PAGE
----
The 10 Keys to Keep Your Youth Athlete Healthy

Here is a post by Dr. Jon Herting on 10 Keys to Keep Your Youth Athlete Healthy

1. Sleep

Sleep is the body’s primary time to recoup and regenerate and adolescents is a time when we need sleep the most. Have you ever noticed how your preteen or teenager is staying up late and then sleeping in late? There is a physiological reason for this. During puberty a teenagers circadian rhythm changes from one that may have naturally put them to sleep by 9pm to one that puts them to sleep after 11pm. This is in part due to the body rapidly growing and changing during this time. With this rapid growth comes rapid regeneration of the body’s tissues and organ systems. Couple this with the breakdown of tissues when working out or competing and your athlete will need ample amounts of rest in order to recover and optimally prepare for the next workout, practice or game.
We are all also very aware of the affect that just missing a couple of hours of sleep can have on concentration, memory, and other cognitive processes. If your teen isn’t mentally “all” there during a practice, workout or game, will they really perform at their optimal level and as they are expected to?
2. Nutrition
Nutrition is something that most teenagers don’t think about. Heck, many of them still don’t like vegetables and by this time it isn’t worth the fight to try to get them to eat the recommended amount of fruits and vegetables per day. Fruits, vegetables, lean meats and healthy fats are all a part of a healthy diet that will properly fuel and nourish your athlete as they grind through a long season of practices and games. Look out for a future post expanding on this topic.
3. Listen to their bodies
Small pains do not occur in isolation and often lead to movement compensations. If your youth athlete experiences pain do not succumb to “it will just go away syndrome.” Have a qualified professional evaluate them. This often does not mean that they need to stop playing but the professional can give them ways to manage or fix the pain while they continue to play. If it is a more serious manner than the qualified individual can nip the problem in the bud so it doesn’t become something larger.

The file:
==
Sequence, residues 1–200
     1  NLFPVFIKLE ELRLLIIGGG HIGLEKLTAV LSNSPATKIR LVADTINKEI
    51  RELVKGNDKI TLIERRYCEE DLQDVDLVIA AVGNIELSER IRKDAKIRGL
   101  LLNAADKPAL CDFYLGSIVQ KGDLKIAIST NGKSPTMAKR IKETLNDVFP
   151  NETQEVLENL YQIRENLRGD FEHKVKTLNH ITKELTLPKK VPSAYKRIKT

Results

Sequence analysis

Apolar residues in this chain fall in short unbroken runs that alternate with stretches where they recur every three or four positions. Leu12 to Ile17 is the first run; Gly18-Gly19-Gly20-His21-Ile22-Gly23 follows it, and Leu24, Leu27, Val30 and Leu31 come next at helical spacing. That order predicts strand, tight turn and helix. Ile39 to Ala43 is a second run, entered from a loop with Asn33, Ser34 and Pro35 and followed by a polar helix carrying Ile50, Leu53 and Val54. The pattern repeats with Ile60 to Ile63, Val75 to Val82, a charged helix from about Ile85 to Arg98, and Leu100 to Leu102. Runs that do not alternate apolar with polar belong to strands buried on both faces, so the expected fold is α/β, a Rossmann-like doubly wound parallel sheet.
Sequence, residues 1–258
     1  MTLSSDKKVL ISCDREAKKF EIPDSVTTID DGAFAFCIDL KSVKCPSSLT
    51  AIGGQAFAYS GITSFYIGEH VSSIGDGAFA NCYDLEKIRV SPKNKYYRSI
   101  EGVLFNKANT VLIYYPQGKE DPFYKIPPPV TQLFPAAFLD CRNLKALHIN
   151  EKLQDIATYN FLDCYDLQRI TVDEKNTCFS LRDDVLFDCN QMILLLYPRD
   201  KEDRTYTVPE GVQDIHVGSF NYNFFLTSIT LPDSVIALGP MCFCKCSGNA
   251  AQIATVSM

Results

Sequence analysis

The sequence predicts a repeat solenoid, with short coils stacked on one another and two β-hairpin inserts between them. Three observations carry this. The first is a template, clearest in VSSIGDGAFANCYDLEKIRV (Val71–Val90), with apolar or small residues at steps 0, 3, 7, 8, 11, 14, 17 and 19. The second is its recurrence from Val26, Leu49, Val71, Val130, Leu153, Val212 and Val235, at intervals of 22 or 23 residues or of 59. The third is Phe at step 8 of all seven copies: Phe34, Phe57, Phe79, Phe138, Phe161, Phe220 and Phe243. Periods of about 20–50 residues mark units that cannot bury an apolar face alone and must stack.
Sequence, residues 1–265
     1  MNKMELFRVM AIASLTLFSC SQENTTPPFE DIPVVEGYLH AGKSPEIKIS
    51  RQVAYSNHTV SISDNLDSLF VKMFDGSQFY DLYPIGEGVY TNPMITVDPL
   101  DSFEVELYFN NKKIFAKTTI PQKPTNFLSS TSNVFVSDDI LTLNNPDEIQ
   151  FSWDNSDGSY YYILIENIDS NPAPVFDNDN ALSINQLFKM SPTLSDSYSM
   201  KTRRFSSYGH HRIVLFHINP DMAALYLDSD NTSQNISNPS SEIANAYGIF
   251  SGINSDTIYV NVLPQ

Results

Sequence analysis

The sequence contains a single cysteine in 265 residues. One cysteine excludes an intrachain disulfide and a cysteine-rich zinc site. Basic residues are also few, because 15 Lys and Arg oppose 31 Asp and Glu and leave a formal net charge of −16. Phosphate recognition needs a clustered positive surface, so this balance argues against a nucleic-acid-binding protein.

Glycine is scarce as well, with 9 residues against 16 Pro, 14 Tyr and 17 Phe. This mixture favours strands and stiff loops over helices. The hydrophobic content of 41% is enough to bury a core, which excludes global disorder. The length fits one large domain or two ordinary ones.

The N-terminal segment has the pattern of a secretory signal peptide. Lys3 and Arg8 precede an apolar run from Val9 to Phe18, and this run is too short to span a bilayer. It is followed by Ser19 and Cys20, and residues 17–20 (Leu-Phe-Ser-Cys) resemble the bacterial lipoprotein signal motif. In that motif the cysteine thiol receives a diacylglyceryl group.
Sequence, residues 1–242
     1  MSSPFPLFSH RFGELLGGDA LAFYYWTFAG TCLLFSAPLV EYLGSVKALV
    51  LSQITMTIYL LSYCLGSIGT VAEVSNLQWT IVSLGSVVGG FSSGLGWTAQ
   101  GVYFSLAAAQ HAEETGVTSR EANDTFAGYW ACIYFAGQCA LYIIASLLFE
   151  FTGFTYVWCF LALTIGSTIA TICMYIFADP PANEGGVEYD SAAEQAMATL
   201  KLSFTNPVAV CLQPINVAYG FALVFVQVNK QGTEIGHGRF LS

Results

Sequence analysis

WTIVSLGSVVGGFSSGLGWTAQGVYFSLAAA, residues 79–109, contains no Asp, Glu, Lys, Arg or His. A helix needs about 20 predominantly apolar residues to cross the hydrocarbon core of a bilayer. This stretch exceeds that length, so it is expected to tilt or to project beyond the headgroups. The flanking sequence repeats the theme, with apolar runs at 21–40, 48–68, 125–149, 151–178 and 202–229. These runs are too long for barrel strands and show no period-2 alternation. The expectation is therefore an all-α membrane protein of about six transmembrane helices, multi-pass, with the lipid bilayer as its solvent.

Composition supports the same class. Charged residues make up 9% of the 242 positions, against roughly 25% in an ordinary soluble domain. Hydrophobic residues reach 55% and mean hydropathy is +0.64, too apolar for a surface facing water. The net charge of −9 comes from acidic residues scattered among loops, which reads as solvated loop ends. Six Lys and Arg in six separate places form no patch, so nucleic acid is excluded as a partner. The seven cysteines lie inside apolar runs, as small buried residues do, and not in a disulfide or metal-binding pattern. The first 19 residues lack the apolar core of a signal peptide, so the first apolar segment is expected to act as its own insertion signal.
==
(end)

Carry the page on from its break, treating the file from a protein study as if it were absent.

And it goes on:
Im Listening
4. Soft Tissue Work
Going back to the last point. Often minor aches and pain can be stopped before they become a large problem by targeted soft tissue work. If you notice that your child is “tight,” make sure they are stretching daily. If you notice knots of tender points in their muscle make sure a qualified sports masseuse addresses these issues. If not, these deficiencies will overstress specific joints, muscles, bones, ligaments and tendons and ultimately manifest in a more serious injury. It is only a matter of time…
 soft tissue

5. Proper body mechanics
Hire a qualified individual to assess your child’s movements; especially if they are lifting or working out on their own. Have a qualified individual instruct your child on proper lifting techniques and body mechanics while working out. Shelling out $70 for a 1:1 session with a strength coach will save you money in the long run if your child plans to continue to lift and play sports through adolescents, into college and beyond; especially as their body changes and goes through periods of excessive growth, “growth spurts.” This will pay dividends in the long run.

Look for Part 2 next week where we will address relationships, stress management, and mobility among other topics.


Post a Comment

Prove you're not a bot!